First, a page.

On 24 August at 10 Olga Mazina will defend her PhD thesis titled "Development and application of the biosensor assay for measurements of cyclic adenosine monophosphate in studies of G protein-coupled receptor signaling" in Chemistry in the Faculty of Science and Technology in the University of Tartu.
Thesis supervisors: Professor Ago Rinken (PhD), University of Tartu
Research Fellow Sergei Kopantšuk (PhD), Insitute of Chemistry, University of Tartu
Opponent: Professor Alexander Savitsky, (PhD, D.Sc), A.N. Bach Institute of Biochemistry Russian Academy of Science, Moscow, Russia
World’s population is constantly growing and aging. As a result, the number of patients suffering from some sort of illness or disease is rising as well. Most of the illnesses are caused by disturbances in cellular signaling or metabolism of the organism. G protein-coupled receptors (GPCR) form a large family of cell surface proteins responsible for the regulation of signal transduction. Over one third of all todays’ prescription drugs are targeted to GPCRs.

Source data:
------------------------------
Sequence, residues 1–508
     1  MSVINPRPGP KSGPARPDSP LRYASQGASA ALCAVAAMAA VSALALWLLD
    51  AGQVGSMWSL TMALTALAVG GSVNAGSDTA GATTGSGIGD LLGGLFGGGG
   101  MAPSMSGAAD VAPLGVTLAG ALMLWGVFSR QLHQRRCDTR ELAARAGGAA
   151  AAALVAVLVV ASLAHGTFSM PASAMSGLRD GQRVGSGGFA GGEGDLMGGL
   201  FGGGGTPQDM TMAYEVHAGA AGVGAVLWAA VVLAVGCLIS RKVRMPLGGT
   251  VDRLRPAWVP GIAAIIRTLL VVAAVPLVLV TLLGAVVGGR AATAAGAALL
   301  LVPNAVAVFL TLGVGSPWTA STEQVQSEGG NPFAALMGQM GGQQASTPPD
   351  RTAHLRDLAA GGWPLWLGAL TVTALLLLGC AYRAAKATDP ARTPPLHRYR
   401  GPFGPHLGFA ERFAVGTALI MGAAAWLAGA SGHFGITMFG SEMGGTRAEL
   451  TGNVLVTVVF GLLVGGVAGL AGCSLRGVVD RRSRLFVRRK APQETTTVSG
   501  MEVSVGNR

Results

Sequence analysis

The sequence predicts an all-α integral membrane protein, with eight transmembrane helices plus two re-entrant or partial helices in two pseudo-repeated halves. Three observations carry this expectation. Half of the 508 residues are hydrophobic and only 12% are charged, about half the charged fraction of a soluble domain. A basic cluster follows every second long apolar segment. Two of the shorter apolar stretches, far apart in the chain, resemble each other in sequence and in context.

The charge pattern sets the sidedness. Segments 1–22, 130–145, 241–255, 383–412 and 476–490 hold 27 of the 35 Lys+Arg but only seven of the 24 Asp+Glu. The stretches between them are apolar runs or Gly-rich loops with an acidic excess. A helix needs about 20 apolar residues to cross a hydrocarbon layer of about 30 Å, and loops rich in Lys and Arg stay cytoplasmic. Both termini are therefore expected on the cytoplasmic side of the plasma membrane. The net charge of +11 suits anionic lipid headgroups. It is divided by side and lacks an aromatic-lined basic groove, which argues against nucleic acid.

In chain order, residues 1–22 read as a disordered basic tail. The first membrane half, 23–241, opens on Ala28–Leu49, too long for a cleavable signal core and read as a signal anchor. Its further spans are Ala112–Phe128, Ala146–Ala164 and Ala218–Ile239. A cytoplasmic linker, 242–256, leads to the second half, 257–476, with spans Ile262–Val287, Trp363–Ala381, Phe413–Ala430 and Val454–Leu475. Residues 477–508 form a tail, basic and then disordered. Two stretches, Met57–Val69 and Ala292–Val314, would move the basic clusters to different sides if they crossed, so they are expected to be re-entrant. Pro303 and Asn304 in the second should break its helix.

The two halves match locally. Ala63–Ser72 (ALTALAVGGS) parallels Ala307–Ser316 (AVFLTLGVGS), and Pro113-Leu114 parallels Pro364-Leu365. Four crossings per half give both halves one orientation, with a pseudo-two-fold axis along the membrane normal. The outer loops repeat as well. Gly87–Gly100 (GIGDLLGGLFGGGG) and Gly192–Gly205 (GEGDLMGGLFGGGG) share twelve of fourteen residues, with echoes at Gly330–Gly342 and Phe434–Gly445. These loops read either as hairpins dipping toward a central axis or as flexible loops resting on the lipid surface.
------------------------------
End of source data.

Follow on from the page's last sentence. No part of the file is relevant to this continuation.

In search for new synthetic compounds targeting these receptors functional testing is of great importance. Obtained experimental data need to be evaluated and compared with data from structurally similar or endogenous ligands. This yields information about the properties of the new ligand and for molecular design of future compounds. In the current thesis an assay system for characterization of different biologically active molecules on living cells was developed based on the use of fluorescent biosensor proteins.
To use a biosensor, it needs to be present inside the cells of interest. To achieve a reliable and uniform cellular level of the biosensor protein, a gene delivery system based on the use of insect viruses was employed. These viruses, harmless to humans, transport the biosensor gene sequence in to the cells, where a new functional protein is synthesized and is ready to be used in functional experiments. The level of protein expression can be regulated by the amount of the applied virus, which results in homogeneous expression and a reliable assay with high reproducibility.
During the studies the applicability of the new biosensor assay was demonstrated by monitoring the activation of very different GPCRs in various cells. Due to high sensitivity of the assay it is also suitable for quantification of endogenous hormones in different probes and preparations. This is of importance for the field of medicine as well as for the development of novel technologies. The result of this work is the developed biological tool that enables us to monitor GPCR activation for measurement of biological activity of compounds with various structural properties.